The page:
Employers may be leaning hard on benefits and safety to keep up with competition in the market, Karen Fichuk, CEO of Randstad North America, said in a statement. “As a result, employers are adjusting policies and benefit programs to more effectively attract and retain frontline workers and meet the needs of a more geographically distributed workforce that prioritizes work-life balance and flexibility.”
Released June 4, 2021
6.1% unemployment rate266,000 jobs added
Total nonfarm payroll rose by 266,000 jobs in April, according to the U.S. Bureau of Labor Statistics, missing economist expectations by a wide margin. Economists largely predicted gains around 1 million, various media reports showed. The unemployment rate hovered at 6.1%.
"Notable gains" in leisure and hospitality as well as education were balanced by losses in "temporary help services" and courier jobs, BLS said. Various factors, including difficulties finding child care, could be hampering job creation, sources told The New Yorker, a notion shared by various experts. New unemployment benefits could also be impacting results, The Hill noted.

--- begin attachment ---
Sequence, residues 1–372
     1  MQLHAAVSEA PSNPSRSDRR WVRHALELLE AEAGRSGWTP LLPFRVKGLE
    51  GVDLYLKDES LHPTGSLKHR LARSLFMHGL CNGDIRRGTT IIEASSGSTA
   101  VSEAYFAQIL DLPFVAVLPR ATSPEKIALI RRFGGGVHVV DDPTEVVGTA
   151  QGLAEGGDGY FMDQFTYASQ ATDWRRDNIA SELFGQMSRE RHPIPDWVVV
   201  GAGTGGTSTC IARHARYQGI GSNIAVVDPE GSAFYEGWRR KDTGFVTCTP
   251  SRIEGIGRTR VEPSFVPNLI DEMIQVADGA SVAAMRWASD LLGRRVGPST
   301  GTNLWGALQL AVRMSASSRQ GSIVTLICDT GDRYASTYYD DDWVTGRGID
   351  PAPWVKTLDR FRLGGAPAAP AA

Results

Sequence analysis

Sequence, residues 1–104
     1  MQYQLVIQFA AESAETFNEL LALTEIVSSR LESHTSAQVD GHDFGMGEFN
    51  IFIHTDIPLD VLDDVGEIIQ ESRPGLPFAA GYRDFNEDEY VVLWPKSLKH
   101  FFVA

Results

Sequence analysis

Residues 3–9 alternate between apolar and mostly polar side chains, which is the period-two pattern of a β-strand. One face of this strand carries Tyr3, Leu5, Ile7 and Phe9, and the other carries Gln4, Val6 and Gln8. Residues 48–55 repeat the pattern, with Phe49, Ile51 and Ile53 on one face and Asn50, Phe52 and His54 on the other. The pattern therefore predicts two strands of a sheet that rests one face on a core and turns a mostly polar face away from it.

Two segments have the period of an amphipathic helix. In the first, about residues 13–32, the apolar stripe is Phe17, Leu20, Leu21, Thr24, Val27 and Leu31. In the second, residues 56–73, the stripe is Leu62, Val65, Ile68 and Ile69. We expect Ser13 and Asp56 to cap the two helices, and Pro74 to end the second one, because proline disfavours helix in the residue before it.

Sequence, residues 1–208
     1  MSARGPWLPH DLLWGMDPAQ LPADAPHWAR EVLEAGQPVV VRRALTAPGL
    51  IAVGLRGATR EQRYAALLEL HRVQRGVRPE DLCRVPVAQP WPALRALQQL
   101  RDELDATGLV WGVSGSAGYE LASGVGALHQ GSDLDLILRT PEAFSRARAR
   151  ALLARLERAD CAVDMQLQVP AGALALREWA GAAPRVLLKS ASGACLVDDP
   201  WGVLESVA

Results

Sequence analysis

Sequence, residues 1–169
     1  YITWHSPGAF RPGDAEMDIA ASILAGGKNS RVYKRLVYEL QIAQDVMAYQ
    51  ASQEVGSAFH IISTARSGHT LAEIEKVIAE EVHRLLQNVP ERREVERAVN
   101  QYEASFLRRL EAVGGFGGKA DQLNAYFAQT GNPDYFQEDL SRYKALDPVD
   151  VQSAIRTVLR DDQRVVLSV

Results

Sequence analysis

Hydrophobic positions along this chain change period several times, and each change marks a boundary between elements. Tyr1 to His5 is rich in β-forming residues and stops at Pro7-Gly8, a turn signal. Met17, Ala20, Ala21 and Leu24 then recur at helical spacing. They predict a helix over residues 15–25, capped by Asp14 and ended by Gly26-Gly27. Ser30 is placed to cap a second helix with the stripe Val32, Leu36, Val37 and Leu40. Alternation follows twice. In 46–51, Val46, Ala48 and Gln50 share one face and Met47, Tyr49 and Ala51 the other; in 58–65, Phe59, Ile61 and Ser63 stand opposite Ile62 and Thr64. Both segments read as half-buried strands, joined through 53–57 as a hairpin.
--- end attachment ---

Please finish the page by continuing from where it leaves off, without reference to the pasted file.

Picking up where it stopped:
"Even as women and minorities continue to face challenges re-entering the workforce, many companies are mired in a fierce competition for certain talent – particularly IT – as geography becomes less of a deciding factor in recruitment strategies," Karen Fichuk, CEO, Randstad North America, said in a statement. "Skilling programs targeted to women and minorities remain essential to helping displaced workers qualify for new and in-demand roles."
Released May 7, 2021
6.0% unemployment rate916,000 jobs added
Total payroll jobs rose by 916,000 in March, the U.S. Bureau of Labor Statistics announced, beating economist expectations by more than 300,000, according to Bloomberg. Unemployment fell to 6%.
Gains were largely driven by improvements in coronavirus vaccine distribution as well as loosened restrictions on businesses after long periods of lockdown, Michael Smith, global CEO of Randstad Sourceright, said in an email statement. Hospitality saw notable job gains, for example.